External Influences on the Development and Professionalisation of Accounting in Malaysia, 1957-1969
While acknowledging that local factors exert influence, historical literature identifies a general tendency for accounting in developing countries to be dominated by the style of accounting institutions and practices of western developed nations – particularly the USA and UK. This “importation” hypothesis is investigated and further refined through a case study examination of the history of accounting in Malaysia during the formative years of 1957 to 1969. This era commences with the Malay States gaining independence from Britain and closes with the race riots which marked an important turning point in the nation’s history. The establishment of the Malaysian Association of Certified Public Accountants (MACPA) in 1958 and the passing of the Companies Act of 1965 and the Accountants Act of 1967 are identified as key events during this era, and are shown to add credence to the “importation” hypothesis. The legislation and the MACPA replicated UK models, and thereby perpetuated that country’s colonial influence within the new nation. In summary, accounting and its institutional apparatus are depicted as regularising forces which tend to transcend political and social change within a nation state.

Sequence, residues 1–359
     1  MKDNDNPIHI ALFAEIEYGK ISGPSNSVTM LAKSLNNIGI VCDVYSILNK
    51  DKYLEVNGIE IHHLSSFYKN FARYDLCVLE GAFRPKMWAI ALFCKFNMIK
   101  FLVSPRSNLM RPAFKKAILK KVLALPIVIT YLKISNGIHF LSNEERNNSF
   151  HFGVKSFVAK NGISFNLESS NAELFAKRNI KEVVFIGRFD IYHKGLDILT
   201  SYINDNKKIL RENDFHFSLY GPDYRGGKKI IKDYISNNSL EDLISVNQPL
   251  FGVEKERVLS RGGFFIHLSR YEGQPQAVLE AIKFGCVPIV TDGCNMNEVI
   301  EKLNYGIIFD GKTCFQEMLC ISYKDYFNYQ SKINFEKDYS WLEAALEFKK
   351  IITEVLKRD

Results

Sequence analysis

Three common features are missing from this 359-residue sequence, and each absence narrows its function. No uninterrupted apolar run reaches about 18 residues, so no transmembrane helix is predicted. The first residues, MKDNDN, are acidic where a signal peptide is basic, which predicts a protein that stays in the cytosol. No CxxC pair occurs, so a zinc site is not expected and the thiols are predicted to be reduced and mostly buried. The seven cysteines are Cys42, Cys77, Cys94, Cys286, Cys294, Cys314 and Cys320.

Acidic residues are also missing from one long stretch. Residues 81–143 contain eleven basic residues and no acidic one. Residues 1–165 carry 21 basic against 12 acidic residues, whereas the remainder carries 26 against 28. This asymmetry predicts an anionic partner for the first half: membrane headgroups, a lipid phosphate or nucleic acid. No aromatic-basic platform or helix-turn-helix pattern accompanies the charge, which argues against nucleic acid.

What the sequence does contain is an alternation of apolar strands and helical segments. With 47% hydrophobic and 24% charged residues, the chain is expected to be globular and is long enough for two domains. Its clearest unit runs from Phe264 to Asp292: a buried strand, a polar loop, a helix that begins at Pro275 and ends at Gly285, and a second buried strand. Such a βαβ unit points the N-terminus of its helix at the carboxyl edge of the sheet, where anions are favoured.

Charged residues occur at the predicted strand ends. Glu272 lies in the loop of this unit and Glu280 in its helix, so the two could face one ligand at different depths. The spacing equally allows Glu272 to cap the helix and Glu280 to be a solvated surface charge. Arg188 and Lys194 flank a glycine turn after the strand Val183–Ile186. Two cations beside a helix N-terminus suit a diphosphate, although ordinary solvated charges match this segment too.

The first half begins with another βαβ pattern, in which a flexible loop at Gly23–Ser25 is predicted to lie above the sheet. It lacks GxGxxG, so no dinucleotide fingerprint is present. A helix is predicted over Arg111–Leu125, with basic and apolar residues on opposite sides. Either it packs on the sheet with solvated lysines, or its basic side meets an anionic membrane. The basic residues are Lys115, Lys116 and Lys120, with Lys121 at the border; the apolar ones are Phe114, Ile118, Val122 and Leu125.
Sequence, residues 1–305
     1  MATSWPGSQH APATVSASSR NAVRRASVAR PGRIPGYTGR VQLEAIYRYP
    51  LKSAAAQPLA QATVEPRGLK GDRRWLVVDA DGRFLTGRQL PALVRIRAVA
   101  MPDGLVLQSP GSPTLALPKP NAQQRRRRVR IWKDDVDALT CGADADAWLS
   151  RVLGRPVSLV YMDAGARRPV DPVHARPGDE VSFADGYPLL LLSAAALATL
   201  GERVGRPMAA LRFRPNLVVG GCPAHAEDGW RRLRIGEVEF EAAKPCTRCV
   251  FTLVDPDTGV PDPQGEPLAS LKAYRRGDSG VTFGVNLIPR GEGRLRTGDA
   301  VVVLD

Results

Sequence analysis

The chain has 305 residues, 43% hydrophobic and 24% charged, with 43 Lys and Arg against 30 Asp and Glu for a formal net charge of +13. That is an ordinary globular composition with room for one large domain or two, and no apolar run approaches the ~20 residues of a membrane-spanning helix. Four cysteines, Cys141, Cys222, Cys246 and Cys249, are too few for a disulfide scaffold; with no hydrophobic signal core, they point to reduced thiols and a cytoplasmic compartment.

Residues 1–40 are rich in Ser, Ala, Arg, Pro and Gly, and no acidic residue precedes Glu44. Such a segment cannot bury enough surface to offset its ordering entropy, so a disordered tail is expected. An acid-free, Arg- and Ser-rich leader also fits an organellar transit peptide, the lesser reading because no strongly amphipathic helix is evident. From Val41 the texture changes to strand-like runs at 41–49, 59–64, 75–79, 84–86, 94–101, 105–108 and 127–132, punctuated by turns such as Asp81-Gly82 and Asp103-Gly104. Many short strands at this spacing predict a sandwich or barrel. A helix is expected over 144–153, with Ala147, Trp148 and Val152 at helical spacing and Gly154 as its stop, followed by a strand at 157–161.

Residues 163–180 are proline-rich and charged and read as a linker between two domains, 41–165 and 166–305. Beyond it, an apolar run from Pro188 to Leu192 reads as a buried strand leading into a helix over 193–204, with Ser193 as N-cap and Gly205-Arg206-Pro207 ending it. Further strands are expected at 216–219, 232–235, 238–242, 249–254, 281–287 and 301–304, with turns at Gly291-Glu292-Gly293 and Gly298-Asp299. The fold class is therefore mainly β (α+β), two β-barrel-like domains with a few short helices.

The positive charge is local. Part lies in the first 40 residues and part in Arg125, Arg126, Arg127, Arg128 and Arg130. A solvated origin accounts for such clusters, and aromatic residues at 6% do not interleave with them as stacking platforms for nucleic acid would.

Keywords: Accounting Profession, Professionalisation, Malaysia, Colonialism
Teck Heang Lee
Senior Lecturer, Faculty of Accountancy and Management, Universiti Tunku Abdul Rahman